What’s Really Behind P&G’s Call to End Upfronts

Procter & Gamble’s Chief Brand Officer Marc Pritchard made headlines across the ad world last fall when he spoke out against the age-old practice of upfronts, an annualized, discounted approach to bundling TV buys in which brands contract to buy an ad spot at a fixed timing and price up to 12 months in advance. Pritchard announced P&G would not return to this antiquated practice, even after the pandemic.

Marketers Value Predictability in Outcomes Not Cost

When traditional cable TV was the primary broadcast channel marketers relied on annual marketing mix analyses to inform their annualized commitments to TV, with little or no data about the projected profitability of those investments.

Pritchard smartly pointed out that the upfront gives agencies and networks the information edge on marketers, leading to TV-rate inflation, even as streaming services have drained their viewers.

While a brand might garner a 20 percent discount for buying upfront, they are locked in, with no flexibility on the timing or nature of their campaign.

Here’s why marketing leaders like Pritchard think the savings are no longer worth the trade-off in flexibility: If marketers avoid advance purchase commitment on a spot, even at a higher price point, the brand has the opportunity to drive stronger results at a lower overall investment by pinpointing the optimal times and spots.

Lower investment. Higher impact. Greater agility to act opportunistically.

Technology Supports Transparency and Agility in Marketing Decisions

Martech’s emerging AI and machine-learning technologies are increasing transparency around TV and other marketing investments, enabling marketers to focus on driving better results, not just better pricing. Technology also supports shorter timeframes and creates greater transparency around when and where to invest in the future to drive growth. Why lock in to save 20 percent when you can continuously optimize and improve performance by 30 percent?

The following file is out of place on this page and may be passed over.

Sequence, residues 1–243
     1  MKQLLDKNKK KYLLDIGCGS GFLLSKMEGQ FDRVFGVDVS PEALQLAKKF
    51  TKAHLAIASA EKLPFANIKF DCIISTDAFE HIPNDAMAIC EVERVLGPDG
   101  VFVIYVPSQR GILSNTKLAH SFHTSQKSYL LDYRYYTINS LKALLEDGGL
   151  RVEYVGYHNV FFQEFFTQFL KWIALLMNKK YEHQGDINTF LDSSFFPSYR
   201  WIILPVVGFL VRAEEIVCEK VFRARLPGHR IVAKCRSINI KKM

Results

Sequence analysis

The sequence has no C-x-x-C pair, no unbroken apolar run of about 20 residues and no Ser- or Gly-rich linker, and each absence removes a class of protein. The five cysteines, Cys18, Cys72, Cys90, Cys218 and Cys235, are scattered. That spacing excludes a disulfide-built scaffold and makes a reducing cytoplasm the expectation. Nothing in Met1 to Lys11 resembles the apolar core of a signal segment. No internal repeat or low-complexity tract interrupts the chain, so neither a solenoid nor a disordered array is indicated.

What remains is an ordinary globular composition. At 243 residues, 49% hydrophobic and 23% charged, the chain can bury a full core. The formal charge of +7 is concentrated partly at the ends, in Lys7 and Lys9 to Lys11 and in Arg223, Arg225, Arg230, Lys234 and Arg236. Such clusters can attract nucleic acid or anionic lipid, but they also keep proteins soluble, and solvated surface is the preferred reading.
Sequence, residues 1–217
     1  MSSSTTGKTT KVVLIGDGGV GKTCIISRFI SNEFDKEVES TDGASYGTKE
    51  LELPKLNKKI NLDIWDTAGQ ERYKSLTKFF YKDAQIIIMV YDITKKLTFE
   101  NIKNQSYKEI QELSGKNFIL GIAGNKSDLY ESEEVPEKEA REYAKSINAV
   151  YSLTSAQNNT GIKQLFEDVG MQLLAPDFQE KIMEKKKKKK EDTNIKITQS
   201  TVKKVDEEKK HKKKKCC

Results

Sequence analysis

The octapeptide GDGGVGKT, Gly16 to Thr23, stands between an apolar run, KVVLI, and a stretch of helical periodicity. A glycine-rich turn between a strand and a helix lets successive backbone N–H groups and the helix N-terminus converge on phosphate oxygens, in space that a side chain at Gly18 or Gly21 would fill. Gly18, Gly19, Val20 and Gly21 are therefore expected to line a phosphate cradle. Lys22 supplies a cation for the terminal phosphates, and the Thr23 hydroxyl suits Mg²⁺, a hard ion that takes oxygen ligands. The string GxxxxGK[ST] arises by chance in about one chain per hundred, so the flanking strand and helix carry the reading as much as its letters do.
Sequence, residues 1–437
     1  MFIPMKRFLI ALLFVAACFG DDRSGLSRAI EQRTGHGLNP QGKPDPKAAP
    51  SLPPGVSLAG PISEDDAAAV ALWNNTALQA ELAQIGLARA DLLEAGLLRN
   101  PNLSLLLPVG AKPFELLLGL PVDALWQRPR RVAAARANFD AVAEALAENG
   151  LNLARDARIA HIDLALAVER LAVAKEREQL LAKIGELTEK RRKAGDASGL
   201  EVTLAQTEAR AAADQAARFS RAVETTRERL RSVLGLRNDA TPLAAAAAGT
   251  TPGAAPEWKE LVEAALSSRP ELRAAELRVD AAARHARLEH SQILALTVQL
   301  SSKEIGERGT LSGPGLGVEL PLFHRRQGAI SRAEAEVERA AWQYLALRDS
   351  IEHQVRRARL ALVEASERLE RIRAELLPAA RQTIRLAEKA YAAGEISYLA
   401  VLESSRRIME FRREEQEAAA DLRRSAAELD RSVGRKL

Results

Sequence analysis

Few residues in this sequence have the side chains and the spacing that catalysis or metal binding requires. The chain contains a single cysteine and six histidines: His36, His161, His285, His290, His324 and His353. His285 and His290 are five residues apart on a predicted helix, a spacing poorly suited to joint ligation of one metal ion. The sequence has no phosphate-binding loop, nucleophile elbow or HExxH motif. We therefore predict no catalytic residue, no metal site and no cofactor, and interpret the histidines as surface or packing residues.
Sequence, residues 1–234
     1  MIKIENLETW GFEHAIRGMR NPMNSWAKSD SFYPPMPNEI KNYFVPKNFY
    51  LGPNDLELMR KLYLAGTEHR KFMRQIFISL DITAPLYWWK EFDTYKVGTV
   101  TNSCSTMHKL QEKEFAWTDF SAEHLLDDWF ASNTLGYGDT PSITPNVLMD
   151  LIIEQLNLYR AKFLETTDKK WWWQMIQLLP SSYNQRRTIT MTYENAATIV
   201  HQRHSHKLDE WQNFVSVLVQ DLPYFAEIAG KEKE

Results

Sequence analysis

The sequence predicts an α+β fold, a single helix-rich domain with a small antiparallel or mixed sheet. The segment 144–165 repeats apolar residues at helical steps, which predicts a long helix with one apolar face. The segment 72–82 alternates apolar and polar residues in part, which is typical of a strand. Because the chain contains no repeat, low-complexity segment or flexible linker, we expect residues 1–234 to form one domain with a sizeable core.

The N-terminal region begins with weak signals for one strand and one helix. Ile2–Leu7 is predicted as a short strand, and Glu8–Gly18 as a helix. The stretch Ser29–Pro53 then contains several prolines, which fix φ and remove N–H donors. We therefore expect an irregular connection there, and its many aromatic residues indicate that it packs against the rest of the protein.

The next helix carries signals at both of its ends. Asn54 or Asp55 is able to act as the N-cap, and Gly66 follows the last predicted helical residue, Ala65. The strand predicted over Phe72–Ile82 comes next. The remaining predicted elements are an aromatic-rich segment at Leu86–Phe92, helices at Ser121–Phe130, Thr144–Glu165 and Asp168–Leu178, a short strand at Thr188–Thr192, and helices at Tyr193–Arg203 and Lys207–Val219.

Keen’s ability to accurately model the impact of future decisions equips marketers with the forward-looking insights to be more bold and agile in making buying decisions (and disrupting traditional paradigms) and intelligently find and exploit opportunities like these.

One client, for example, validated via Keen’s platform that its ROIs were highest when GRPs were lowest, leading it to adopt a leaner, more surgical approach to TV investment. Getting support for such an unconventional strategy would be challenging without the support of Keen’s data-driven scenarios to help make the case by successfully quantifying the interactive and “surround-sound” effect of all its marketing investments.

Another Keen brand was seeing high returns on TV, and so its team ran scenarios on Keen’s platform that verified significant opportunity was available to profitably increase investment. The brand boldly poured $2 million into TV over just a five-week period and delivered $9 million in incremental revenue, sending the brand up 30 percent year-over-year.

How marketers make decisions must keep pace with how the markets themselves are evolving. The upfront made sense when there were three networks, annual marketing mix analyses and a much more unified TV landscape than the highly fragmented one we have today.

Today, technology is key to equipping marketers to make increasingly complex decisions around a fragmented marketing mix that spans digital, traditional and store-level programming–one that requires the agility to pivot in response to market changes and to capitalize on new opportunities. Learn more at KeenDS.com.